A major aerospace contractor to the US government was interested in exploring whether decision science could help it determine the optimal bidding strategy for high-tech specialty products.
At the time of this engagement, competitive bidding of government contracts had become increasingly competitive as the US government implemented significant changes to its procurement process in order to rein in costs. The company intended to continue to bid on government contracts, but only those contracts that would generate a reasonable profit to the organization. The company’s management team included champions of decision quality and decision science, who thought a bidding strategy would be the ideal way to test an analytical approach that would combine the principles of decision science together with a “game theory” approach that would incorporate the potential strategies of competitors.
Discovery and Solution
As in most organizations that contract with the US government, the bid and proposal (B&P) process in this organization represented a large draw on company resources. SDG was brought in this effort due to its reputation for risk-informed decision making and its rigorous analytical expertise. The management team asked SDG to develop a bidding methodology that would maximize the probability of winning this specific contract given the constraint of achieving a reasonable profit. This particular opportunity would also open a new line of business with the US government, which meant that the potential value was not limited to the single project subject to the bid, but to downstream business opportunities as well.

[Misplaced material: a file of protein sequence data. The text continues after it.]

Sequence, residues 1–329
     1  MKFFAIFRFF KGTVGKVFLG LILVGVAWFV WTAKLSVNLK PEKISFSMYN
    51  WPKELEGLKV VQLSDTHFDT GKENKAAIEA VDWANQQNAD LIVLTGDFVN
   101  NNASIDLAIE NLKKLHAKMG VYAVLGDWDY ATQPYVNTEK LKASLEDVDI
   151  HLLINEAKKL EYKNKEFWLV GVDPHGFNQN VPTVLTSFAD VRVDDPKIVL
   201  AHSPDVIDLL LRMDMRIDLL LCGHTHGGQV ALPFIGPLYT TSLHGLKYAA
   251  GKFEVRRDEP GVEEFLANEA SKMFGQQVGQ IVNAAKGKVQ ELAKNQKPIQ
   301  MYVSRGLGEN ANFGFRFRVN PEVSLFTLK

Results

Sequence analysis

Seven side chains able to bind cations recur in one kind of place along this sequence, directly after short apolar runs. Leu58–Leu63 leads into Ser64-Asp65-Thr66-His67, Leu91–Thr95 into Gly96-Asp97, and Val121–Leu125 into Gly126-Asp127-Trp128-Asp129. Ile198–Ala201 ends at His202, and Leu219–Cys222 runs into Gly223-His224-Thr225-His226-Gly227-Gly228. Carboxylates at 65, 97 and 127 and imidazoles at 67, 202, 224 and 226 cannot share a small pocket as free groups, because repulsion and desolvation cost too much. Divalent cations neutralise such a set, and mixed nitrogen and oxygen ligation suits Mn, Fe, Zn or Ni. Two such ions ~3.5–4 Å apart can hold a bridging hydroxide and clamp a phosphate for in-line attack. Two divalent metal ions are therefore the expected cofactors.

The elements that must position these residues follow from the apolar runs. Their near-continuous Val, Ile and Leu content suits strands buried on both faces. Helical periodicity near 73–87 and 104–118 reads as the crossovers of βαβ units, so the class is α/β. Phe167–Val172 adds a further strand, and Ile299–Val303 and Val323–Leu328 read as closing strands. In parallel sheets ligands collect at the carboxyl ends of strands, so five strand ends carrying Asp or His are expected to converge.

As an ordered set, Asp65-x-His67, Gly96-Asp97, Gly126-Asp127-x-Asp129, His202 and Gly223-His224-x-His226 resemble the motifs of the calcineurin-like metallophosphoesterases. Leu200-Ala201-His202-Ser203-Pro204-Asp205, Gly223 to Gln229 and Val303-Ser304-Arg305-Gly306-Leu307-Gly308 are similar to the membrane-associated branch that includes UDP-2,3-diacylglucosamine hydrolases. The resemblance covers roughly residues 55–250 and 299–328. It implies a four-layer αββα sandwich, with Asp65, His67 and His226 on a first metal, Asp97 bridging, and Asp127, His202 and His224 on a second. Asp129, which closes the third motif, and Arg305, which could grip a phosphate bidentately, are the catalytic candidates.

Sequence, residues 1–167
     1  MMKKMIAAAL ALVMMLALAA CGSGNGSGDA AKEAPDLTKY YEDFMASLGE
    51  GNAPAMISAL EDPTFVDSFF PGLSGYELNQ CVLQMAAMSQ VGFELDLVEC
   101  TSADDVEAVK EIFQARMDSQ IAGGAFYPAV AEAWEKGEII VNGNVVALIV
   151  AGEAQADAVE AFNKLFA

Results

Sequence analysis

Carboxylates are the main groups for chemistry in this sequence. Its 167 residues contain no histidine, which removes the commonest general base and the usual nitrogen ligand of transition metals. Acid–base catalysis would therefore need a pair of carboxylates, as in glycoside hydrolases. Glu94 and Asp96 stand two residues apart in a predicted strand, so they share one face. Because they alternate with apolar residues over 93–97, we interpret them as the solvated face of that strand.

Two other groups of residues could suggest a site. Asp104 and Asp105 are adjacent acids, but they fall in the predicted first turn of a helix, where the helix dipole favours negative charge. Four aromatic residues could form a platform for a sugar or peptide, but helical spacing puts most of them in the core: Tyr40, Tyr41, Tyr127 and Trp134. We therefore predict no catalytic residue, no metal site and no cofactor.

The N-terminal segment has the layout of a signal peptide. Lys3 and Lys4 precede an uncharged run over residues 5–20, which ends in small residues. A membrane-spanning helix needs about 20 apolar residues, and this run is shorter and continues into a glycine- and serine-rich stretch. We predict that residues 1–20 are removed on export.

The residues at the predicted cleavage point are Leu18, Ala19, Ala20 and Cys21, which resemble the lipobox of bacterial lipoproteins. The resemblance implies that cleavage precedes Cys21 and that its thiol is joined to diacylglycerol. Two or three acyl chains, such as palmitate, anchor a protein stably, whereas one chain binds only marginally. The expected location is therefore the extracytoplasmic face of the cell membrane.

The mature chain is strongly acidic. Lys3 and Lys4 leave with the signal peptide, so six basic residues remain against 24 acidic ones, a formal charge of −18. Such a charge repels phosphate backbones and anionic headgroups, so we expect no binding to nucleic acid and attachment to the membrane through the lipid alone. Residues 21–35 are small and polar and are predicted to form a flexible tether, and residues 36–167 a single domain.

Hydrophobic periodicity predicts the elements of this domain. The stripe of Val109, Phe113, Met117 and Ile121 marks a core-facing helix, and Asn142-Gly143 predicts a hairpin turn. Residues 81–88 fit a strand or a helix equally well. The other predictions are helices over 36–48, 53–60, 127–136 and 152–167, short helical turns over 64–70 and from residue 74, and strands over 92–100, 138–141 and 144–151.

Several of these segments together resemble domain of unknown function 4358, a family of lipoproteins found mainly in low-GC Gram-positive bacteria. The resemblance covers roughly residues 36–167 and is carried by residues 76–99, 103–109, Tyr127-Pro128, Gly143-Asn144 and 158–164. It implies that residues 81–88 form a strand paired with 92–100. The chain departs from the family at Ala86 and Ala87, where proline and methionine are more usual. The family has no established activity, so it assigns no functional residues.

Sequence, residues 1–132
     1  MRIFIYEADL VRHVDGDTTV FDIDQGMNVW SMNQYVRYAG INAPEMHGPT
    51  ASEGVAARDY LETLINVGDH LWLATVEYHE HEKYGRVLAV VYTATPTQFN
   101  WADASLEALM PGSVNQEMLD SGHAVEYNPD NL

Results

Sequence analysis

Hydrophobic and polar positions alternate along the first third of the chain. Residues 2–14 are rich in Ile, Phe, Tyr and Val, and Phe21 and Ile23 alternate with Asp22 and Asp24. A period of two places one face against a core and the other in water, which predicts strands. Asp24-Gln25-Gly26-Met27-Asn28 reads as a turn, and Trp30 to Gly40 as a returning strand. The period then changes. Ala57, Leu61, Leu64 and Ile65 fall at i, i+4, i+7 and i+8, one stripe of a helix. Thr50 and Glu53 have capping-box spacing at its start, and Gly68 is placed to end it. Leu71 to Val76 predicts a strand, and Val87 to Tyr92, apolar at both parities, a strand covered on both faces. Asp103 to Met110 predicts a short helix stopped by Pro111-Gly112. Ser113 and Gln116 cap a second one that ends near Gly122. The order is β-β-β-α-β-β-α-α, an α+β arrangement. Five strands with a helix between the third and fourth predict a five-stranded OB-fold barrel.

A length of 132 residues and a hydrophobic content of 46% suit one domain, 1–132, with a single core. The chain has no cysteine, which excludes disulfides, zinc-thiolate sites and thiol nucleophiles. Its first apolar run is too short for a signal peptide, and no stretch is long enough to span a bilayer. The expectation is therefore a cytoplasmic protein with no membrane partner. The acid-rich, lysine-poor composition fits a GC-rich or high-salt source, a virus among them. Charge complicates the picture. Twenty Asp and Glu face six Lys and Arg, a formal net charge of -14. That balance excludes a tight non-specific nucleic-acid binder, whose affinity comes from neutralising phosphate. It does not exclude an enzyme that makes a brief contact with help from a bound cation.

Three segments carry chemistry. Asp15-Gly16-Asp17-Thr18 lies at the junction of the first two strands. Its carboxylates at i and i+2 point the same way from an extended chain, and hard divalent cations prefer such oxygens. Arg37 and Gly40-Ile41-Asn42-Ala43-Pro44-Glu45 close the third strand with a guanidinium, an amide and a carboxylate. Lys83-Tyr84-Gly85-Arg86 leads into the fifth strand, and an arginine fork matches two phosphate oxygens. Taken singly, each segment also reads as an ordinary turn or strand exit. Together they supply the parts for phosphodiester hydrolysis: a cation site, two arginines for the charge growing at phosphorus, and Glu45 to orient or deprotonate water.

SDG devised a method and approach for competitive bidding that would maximize the company’s chances of winning this specific contract for high-tech products. SDG facilitated fast and focused communication within the project team and was able to build a meaningful structure for the decision problem in very short time. The dynamic decision model developed to support this engagement incorporated cost structures, financial analyses, and bidding strategies for not just for this client, but also for its competitors.
Results & Impact
The pilot project proved to be a novel approach to competitive bidding for this client. In the end, the aerospace company won this specific bid to provide high-technology products to the US government—at a price that met the company’s profit requirement. Further, the company now had a probabilistic approach it could use in the future to develop its bidding strategy in the face of competitor actions and uncertainty. While this approach could not guarantee that the company would subsequently win all of its bids on US government contracts, it helped ensure that those it did win would meet its requirements for a reasonable profit or would contribute to a broader, ongoing opportunity for new business.